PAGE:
The entire focus of minimalist living is to let go of the things you don’t truly need to live life. Basically, breaking down the idea that only “stuff” can make us happy. Minimalism is the art of learning how to live well with less stuff. In other words, you know those 60 pairs of shoes you have sitting in your closet? You know, the shoes where at least 50 of them just sit there from year to year? Just get rid of them. No one person really needs 60 pairs of shoes just sitting there unless you buy into the concept that TV shows and magazines tell you, that women hoard shoes because it makes them happy. It’s not the pair of shoes that make you happy, it’s the act of buying the shoes and the fact that you feel like you’re fitting into some societal mold if you do.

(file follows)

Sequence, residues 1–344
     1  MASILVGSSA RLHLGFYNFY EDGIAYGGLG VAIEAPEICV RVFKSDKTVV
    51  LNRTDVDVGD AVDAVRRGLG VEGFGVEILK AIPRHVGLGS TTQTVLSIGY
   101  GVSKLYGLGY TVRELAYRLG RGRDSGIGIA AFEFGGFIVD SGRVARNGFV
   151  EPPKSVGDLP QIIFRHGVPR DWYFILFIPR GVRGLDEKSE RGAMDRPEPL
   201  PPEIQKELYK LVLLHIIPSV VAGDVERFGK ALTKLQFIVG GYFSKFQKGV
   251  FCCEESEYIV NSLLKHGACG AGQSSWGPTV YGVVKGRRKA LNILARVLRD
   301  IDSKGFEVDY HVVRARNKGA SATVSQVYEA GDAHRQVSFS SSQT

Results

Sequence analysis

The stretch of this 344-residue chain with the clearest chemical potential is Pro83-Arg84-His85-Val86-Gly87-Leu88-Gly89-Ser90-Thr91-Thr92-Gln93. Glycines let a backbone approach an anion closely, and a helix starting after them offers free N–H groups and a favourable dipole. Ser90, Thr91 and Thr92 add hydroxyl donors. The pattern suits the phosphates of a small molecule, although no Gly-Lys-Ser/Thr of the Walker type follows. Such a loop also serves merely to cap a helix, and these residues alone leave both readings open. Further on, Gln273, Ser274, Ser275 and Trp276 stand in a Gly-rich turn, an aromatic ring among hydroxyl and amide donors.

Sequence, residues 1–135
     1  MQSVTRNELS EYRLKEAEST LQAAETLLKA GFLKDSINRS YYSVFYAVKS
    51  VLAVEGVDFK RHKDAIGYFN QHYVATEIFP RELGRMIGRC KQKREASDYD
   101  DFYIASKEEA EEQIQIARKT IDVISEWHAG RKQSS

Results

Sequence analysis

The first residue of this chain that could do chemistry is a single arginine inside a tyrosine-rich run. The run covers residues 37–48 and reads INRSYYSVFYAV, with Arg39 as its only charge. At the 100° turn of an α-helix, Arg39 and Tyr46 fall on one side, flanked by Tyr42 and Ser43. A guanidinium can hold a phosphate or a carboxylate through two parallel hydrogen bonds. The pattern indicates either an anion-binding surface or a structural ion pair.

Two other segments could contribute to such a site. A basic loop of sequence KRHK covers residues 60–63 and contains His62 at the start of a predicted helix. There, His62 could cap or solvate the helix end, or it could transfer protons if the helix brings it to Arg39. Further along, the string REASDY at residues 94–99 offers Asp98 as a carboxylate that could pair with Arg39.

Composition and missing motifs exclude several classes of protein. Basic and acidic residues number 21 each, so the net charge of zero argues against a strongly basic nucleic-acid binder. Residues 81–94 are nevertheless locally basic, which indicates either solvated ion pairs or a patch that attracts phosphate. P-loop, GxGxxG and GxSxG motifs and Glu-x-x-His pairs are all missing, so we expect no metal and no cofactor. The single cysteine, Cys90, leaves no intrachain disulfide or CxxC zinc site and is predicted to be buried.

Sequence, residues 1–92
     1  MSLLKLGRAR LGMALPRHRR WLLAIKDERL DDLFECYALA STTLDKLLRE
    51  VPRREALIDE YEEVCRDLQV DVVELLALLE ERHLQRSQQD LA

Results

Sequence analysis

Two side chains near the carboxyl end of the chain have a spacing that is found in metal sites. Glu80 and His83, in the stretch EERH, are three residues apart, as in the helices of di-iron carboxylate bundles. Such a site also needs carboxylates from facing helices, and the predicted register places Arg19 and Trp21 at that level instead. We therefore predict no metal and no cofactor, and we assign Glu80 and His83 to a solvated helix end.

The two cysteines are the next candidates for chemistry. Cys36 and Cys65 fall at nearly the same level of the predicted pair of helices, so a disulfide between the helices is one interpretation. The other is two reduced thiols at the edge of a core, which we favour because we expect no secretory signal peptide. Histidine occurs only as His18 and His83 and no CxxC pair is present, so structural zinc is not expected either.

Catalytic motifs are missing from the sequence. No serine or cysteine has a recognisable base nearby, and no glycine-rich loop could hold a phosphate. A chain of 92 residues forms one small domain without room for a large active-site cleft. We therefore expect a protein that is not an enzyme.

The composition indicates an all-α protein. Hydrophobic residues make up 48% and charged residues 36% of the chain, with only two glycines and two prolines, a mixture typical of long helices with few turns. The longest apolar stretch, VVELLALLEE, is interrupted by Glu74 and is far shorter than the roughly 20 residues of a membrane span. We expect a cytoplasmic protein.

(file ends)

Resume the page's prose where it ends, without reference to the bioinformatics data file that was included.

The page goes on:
Minimalism is all about simple living and breaking free from this and understanding that it’s the experience that means more than the actual item. When you go shopping, you usually go with another person. Even if you don’t, just shopping around is a way for you to relax. The actual item itself that you purchase is rarely the thing that brings the most joy, it usually comes down to the experience you had getting that item.
Of course, minimalism has quite a few more key points to it and can mean something a little different to each person. Overall, minimalism is living small, with only necessary items. Minimalism is living with intention. This means you intentionally choose to break away from the overwhelming cultural norms pushed on you by our current society.